Microsoft Wires Push Mobile E-Mail Service

Microsoft announced software upgrades today that will give Outlook users free access to wireless corporate e-mail on mobile devices. The move means that millions of wireless handset users will no longer have to wait for IT managers to install separate server computers.

Specifically, Microsoft is offering free upgrades for Microsoft Exchange Server 2003 and Windows Mobile 5.0. The software is designed to keep business users’ Outlook Mobile up to date by delivering information quickly and directly to Windows Mobile-based devices.

“Successfully addressing the mobility demands of today’s business market requires a combination of powerful networks, breadth and choice of applications, and clear answers to business issues of security, return on investment and systems integration,” said Vish Sowani, vice president, International Business Marketing at T-Mobile.

Seizing the Opportunity

Microsoft hopes to do all of the above with its enhancements to Outlook Mobile. TheMessaging and Security Feature Pack for Windows Mobile 5.0 will allow users to send Word, Excel, PowerPoint, music and video attachments in messages with rich e-mail formatting and no size restrictions.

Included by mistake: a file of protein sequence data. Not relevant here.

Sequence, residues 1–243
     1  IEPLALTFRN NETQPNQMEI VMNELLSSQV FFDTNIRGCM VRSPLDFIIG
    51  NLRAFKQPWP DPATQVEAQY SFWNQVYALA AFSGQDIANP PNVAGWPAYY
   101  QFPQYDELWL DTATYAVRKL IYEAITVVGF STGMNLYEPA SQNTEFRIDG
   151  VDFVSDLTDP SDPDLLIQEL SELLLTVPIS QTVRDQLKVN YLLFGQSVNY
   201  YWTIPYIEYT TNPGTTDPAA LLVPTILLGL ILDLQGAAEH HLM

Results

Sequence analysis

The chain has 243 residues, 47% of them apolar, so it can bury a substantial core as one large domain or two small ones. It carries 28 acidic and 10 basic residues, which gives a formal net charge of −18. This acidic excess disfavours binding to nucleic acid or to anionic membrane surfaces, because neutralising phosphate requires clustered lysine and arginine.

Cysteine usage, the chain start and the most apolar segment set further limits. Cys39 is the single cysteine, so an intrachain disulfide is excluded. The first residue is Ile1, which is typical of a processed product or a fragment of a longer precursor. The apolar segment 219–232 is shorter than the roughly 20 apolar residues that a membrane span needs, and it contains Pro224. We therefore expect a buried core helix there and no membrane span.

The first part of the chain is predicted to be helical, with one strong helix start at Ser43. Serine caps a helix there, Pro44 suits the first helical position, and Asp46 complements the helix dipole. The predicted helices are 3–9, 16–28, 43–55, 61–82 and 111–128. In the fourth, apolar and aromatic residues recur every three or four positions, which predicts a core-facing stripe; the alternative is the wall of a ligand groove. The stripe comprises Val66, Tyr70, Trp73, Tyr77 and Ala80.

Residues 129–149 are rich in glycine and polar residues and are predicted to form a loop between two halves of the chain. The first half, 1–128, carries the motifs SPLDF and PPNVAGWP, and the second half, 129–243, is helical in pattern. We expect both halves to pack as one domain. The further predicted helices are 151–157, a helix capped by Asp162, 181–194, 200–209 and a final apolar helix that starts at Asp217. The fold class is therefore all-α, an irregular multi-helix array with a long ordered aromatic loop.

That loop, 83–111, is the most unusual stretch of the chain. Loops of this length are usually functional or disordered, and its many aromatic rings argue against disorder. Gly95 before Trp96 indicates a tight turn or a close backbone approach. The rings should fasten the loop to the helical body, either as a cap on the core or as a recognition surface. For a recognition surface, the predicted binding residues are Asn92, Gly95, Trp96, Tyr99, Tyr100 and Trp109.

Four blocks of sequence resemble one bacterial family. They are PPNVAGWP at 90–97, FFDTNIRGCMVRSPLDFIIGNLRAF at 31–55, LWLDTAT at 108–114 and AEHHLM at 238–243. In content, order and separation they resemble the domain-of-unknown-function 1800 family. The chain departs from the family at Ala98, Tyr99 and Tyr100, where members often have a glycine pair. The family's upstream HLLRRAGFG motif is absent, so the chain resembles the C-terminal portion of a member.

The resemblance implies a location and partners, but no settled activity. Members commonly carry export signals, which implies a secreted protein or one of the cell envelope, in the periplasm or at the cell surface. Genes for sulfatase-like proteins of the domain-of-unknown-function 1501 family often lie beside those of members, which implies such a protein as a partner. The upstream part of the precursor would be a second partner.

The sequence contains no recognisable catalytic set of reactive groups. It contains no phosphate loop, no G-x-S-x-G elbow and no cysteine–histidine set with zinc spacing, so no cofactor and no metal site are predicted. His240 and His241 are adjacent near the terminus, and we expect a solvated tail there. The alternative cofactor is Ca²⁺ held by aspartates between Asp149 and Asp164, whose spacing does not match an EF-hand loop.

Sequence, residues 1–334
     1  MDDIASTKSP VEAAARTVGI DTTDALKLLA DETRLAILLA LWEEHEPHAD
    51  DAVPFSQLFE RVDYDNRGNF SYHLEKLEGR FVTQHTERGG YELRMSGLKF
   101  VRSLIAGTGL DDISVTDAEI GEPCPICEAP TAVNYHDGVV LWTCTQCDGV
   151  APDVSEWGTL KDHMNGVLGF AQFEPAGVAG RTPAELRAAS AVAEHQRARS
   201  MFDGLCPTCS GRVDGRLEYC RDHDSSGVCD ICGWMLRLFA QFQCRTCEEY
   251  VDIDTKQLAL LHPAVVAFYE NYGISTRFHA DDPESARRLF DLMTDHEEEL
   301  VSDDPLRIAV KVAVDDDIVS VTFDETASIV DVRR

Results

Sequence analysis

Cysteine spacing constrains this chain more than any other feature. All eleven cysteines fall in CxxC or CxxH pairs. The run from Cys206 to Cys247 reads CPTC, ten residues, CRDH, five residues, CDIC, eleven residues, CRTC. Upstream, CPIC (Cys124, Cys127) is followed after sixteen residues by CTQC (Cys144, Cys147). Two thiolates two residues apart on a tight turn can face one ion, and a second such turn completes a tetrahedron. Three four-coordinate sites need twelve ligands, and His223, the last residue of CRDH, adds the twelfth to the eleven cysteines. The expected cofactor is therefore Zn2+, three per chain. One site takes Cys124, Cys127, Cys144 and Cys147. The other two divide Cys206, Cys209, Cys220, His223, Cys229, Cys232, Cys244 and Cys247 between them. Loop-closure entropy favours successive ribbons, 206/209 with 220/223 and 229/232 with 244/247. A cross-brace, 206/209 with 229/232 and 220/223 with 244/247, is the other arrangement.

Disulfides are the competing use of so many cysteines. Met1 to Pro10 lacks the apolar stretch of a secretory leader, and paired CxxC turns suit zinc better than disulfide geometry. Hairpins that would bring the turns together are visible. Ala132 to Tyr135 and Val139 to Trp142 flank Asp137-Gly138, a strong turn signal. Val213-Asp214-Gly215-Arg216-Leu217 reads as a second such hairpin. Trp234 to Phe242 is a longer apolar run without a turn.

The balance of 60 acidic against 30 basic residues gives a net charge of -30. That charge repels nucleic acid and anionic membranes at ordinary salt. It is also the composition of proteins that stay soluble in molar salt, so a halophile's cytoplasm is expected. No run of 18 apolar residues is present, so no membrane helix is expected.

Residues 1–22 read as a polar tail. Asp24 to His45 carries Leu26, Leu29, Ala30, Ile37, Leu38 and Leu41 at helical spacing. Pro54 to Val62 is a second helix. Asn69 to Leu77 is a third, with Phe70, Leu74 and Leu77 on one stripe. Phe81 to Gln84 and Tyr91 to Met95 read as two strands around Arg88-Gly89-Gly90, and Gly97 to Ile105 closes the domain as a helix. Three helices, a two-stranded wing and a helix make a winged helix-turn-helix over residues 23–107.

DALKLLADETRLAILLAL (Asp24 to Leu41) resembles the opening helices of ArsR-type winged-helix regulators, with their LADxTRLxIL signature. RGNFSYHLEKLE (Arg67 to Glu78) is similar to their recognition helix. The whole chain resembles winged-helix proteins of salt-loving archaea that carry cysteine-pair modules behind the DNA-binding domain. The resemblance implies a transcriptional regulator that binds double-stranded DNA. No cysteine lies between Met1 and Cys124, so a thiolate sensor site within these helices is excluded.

Once the software is deployed this fall, industry watchers predict Microsoft’s push service could almost immediately propel the software giant past BlackBerry, with its estimated 5.3 million subscribers by year end.

Microsoft’s software will give more than 130 million Outlook users the option to access their e-mail from a Windows Mobile 5.0 device. Therein lies Microsoft’s motive, according to Jupiter Research analyst Joe Wilcox.

Microsoft’s Motive

Wilcox told TechNewsWorld that Microsoft wants to sell more Windows Mobile devices. While Microsoft has that opportunity, there are also barriers for the software giant to overcome in this market — and it’s not necessarily competition with BlackBerry or Palm’s Trio.

“I don’t see this as Microsoft trying to go after Blackberry as Microsoft trying to extend the capabilities for customers that are looking for Windows Mobile,” Wilcox said. “Forty-six percent of U.S. companies with 250 or more employees run Exchange Server 2003. Those companies would be in a position to take advantage of these capabilities.”

But, analysts said, there are two sticking points: when the software will actually be deployed and how many Windows 5.0 devices are available later this year. Microsoft will need support from carriers and device makers to fully leverage the opportunity. Wilcox believes Microsoft’s partners will see the light.

“This is a good move for Microsoft and its good for its partners. People forget. It’s not just about Microsoft,” Wilcox said. “One of the reasons Microsoft is successful is because third parties make money using its products.”

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